What’s up with this weather? Track it with a FAWN Weather Station

FAWN, or the Florida Automated Weather Network, is a system of weather stations created as a resource for industry professionals to make informed management decisions in agriculture production. Since 1998, FAWN has monitored dew point, relative humidity, precipitation, air and soil temperature, wind speed and direction and wet bulb temperature.

The FAWN weather station at MREC is 30 feet tall.

In total, there are 42 weather stations in Florida at UF/IFAS Extension offices, research and education centers, like the Mid-Florida Research and Education Center (MREC) in Apopka, or on public land. Generally, each weather station is 30 feet tall, like in Apopka, but some are considered ‘mini’ at 10 feet tall.

“Moisture in air impacts the temperature a lot more than people think,” Larry Treadway said, the FAWN network engineer located at MREC.

Larry Treadaway, FAWN network engineer, repairs weather station equipment.

Here, Treadaway looks over FAWN graphic data collected by weather stations.

Useful tools on the FAWN website include the Extension Ag Weather Report, My Florida Farm Weather, National Weather Service (NWS) Forecast and graphic weather data based upon location. Climate prediction data from AgroClimate is also showcased to understand general trends in weather, such as short-term precipitation and temperature, for present and future plans.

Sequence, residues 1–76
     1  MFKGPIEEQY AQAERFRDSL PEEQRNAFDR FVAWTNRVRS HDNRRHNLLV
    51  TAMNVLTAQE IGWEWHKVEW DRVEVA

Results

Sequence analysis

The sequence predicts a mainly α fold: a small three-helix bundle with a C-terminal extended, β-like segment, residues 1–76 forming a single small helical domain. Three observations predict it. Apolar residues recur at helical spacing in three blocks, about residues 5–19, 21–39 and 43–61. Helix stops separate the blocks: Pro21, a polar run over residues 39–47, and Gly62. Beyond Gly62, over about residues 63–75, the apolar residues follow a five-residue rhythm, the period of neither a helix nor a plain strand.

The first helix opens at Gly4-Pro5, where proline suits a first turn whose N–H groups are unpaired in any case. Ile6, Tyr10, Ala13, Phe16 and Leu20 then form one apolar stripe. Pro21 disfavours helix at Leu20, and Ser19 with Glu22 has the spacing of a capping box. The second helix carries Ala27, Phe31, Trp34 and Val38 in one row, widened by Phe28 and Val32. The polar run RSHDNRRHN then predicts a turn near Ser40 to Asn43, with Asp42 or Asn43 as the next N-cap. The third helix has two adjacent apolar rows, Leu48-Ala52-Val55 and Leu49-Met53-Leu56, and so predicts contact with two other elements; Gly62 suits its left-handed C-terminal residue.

The graphic weather data in particular is presented in a line graph with key points based upon location within a chosen time range. This graph shows the temperature at 2 feet, 6 feet and 30 feet, soil temperature, dew point and wet bulb temperature. The dew point and wet bulb temperature are measured at 6 feet.

An example of the accessible graphic data from the FAWN weather station at MREC in Apopka.

Each data point is recorded every 15 minutes and archived on a database to be accessed later and/or downloaded.  Online graphs can be accessed by anyone and are free.

Temperature at different heights is helpful for ag production because it inverts during the day. For example, it will be warmer at 30 feet off the ground at noon than at 2 feet at noon, but at night the opposite occurs so 2 feet will be warmer than 30 feet. This information is helpful for let’s say strawberries if it gets too chilly since they are low-lying crops on the ground,

Whether you are caring for cows, citrus, strawberries or any ag product in between, FAWN is a key agricultural planning offering useful insight on how to prepare for the future.

Although this is a UF-affiliated project and partially funded by the state, a majority of operating funds to support this program come from outside of the university. If you would like to contribute to FAWN please follow this link for more information.

To find the closest weather station to you, visit the FAWN website.

Leave a Reply

Your email address will not be published. Required fields are marked *